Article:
Welcome to the Strelets Forum.
Please feel free to discuss any aspect of 1/72 scale plastic figures, not simply Strelets.
If you have any questions about our products then we will answer them here.
i know this answer doesn't solve your casting problem but irregular miniatures sell wheels of all sizes individually
Hi Bob, I purchased two in the hope it would save me the cost of the project thus far, alas the largest they do is 2mm too small , I did try them ,but they look so wrong, so kept as spares,or metal to be melted should I need more. Thanks everyone, the centrifugal angle is probably right, so I will try to figure a way of doing it, molten metal and a fast spinning mould sounds like a recipe for disaster, so I will think this out carefully.
Hi Alan, just wondering if this could possibly help your casting issue - have you ever thought of using a bicycle wheel in a vice. if you can attach your mould to the wheel and spin like crazy … (hopefully not causing too much chaos). Obviously needing to take care attaching the mould and making sure scalding hot metal or resin doesn't spray all over the place !! I really don't know if this would work but I always considered attempting something similar years ago but never got to actually try it out.
I'm sure someone on this forum with much more technical skill than myself could advise if this is a possible solution...
Kim, thanks , I did consider using my wife`s cake decorating table, that also spins, but then I thought there must be an easier way without the risk of molten metal flying everywhere,so I approached Jacklex who do an Ox wagon and who`s wheels are a similar size, and they are in the post,(all round great service too) so fingers crossed problem solved. As a side issue in the back of my mind was a previous experience with molten metal, making fishing lures from old lead pipe, melted lead and water do not mix,and I once melted pipe that must of had a tiny amount of water trapped in a kink , I was wearing goggles and fully covered clothes wise , but the resulting adverse reaction covered my garage with molten lead, the spread was like that of a shotgun, and no warning, so very respectful of working with molten metal.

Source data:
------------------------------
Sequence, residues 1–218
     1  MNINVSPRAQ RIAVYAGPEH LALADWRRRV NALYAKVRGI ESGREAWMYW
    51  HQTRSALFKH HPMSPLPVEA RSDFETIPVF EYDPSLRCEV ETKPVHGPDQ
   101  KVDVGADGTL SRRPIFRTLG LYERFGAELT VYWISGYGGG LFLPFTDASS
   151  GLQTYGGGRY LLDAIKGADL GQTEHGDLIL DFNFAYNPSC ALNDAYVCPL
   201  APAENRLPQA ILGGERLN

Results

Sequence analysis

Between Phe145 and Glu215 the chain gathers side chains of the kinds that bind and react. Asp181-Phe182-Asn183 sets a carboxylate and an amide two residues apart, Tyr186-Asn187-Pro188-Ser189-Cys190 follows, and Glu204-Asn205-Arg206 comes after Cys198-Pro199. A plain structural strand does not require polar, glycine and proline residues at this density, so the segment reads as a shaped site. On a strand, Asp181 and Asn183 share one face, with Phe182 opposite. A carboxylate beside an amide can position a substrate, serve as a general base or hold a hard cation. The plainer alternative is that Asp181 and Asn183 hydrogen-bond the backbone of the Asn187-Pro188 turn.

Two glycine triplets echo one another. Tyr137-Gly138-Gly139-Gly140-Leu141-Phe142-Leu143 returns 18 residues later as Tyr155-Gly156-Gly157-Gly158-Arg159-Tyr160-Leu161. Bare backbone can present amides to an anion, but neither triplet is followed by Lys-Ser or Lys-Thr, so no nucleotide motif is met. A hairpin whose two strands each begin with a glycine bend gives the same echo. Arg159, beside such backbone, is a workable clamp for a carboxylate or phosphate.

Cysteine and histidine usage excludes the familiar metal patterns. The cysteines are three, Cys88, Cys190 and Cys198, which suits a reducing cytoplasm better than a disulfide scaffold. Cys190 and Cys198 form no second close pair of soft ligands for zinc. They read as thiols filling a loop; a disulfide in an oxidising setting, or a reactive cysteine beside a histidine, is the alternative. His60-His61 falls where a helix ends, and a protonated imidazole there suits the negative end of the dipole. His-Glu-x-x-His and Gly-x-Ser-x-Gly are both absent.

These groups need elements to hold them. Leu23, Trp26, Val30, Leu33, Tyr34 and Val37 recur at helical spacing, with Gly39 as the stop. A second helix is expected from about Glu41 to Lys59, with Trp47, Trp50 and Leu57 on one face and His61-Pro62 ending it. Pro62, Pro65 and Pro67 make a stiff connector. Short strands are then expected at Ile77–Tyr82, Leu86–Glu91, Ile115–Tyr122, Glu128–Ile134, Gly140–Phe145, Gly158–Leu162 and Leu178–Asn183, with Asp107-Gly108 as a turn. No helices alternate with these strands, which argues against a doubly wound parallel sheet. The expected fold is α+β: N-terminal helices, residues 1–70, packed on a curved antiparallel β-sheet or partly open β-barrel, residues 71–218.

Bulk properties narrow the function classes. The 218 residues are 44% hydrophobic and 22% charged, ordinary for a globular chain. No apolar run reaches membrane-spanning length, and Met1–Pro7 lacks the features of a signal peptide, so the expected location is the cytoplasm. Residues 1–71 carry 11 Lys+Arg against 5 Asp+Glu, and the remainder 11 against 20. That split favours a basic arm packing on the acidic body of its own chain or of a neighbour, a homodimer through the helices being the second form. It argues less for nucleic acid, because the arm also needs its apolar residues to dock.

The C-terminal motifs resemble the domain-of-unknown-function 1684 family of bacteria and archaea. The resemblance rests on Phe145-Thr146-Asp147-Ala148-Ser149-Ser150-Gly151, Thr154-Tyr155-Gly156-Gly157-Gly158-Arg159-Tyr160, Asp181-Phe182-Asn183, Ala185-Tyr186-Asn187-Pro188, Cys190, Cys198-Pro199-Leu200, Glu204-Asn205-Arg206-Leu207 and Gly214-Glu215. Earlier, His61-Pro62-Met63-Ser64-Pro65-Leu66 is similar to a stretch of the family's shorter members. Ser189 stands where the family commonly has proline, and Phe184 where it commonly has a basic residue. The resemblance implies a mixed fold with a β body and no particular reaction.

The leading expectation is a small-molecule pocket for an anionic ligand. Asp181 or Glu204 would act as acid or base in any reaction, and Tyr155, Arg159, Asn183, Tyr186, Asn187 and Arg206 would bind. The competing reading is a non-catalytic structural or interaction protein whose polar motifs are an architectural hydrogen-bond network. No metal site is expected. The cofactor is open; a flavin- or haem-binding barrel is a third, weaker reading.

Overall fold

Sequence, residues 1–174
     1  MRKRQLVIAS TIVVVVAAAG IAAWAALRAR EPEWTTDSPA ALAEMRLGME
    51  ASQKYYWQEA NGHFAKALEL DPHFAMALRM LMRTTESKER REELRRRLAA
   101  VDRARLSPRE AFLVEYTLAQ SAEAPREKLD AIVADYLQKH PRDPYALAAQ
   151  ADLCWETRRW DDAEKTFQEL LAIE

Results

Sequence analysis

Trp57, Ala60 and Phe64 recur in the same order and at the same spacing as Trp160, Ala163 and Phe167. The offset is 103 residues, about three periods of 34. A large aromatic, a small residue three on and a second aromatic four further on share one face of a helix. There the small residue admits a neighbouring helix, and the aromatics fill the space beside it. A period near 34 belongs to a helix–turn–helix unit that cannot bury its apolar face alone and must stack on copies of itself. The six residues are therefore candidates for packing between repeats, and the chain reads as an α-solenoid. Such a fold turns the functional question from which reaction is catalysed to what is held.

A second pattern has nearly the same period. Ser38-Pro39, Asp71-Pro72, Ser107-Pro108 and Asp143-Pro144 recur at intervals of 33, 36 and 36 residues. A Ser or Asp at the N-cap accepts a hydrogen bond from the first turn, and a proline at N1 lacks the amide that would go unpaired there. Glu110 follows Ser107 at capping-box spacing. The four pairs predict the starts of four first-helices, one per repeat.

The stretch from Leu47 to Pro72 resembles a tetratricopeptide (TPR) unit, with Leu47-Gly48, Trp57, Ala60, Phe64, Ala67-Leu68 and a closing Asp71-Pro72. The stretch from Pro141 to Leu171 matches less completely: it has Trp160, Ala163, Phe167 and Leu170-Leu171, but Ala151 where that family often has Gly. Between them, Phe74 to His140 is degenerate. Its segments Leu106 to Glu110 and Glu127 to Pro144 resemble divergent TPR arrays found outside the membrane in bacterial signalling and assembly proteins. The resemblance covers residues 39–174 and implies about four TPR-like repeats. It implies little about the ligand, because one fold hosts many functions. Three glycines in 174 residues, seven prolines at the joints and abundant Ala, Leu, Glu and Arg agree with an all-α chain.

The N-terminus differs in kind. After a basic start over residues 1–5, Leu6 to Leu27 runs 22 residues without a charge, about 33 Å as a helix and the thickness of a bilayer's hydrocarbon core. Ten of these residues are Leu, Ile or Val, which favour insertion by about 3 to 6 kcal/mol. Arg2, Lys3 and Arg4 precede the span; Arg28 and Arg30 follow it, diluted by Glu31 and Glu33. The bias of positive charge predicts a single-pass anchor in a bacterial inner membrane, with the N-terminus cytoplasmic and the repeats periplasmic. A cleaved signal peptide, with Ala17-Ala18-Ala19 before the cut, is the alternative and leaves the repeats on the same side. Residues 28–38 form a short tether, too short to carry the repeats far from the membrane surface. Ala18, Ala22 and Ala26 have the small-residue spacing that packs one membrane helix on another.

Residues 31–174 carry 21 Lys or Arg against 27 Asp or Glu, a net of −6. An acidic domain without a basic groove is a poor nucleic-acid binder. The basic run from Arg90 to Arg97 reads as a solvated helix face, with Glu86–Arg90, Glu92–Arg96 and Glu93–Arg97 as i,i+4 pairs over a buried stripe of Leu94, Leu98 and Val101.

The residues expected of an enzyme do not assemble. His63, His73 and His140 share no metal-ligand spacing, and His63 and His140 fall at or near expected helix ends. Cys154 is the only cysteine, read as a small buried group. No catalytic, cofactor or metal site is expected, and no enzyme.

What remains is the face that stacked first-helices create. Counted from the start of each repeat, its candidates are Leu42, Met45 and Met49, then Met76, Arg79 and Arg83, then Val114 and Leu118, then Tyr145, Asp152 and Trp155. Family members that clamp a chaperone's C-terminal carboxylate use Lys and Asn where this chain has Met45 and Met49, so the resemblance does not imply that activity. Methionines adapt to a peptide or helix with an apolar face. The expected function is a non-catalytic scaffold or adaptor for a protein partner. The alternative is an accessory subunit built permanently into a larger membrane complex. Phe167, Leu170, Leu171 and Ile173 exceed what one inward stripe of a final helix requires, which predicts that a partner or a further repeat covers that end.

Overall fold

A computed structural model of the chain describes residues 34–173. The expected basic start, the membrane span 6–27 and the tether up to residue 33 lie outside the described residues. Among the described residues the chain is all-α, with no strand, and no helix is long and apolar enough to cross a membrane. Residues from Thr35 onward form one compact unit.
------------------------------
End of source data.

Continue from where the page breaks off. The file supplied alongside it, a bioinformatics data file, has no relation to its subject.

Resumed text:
Yes, I am sure you are right Alan, the idea of using a spinning device to do a bit of centrifugal casting is probably best kept as that - an idea and nothing else. I thought It sounded good in theory but as you recount it doesn't seem to be a particularly safe concept. (Unless you're wearing an asbestos suit !!)
Like yourself I am eagerly awaiting the Strelet's LRDG figures and the other desert themed subjects. The quality of the sculpting and subject matter of some of these sets are really impressive and I cannot wait for them to eventuate. Happy modelling ...
Centrifugal casting is really only suitable for large batches of items and it needs to be balanced, so a circular mould in form with a central poring area, as a result it can be expensive on silican rubber... not really suitable for a one off...
In the past I used grapfite powder to aid with casting in simple two piece rubber moulds, dust the mold liberally and make sure your metal is at the optimal temperature before casting, a large "plug" helps as well... .-)
Hi Alan, maybe a bit late responding here, but I have cast a fair bit of metal: first with the old range of Prince August Napoleonic moulds, then with my own creations. You might have gathered much of this already from Youtube etc, but some suggestions:
*The mould may perform better once warmed up a bit. I used to warm my moulds by placing them around the hot plate (n.b. 'around', not 'on'!) while the metal melts. I know others warm theirs in the oven.
*Try varying the clamping pressure used to join the mould halves together. Use boards to spread the pressure evenly across the moulds.
*Different white metal alloys will have different flow properties.
*Lightly dust the inside faces of the mould with talc and knock off any excess prior to casting.
*I would avoid centrifugal casting at this scale, it may well solve your problems, but a lot of hassle for just this. I would tap the mould smartly onto the counter just after the pour/tap it with some pliers (taking care not to spill it etc).
Thank you everyone ,fingers crossed this is sorted, but all your help has been appreciated.
If this does work and you perfect the art of casting wheels, Alan, there may be a niche business waiting in the wings....eg: AB Model Wheels? There is a market out there I'm sure.
Well I suspect the market is there, I remember helping a guy out in Canada years ago on the Hat forum, he was after wagon type wheels and I sent all I had, nothing that would have helped me had I kept them though. One of the guys on Bennos where I asked the same question suggested using resin in the same mould and showed an example, and resin may be the answer. But for me my mould making days are on hold.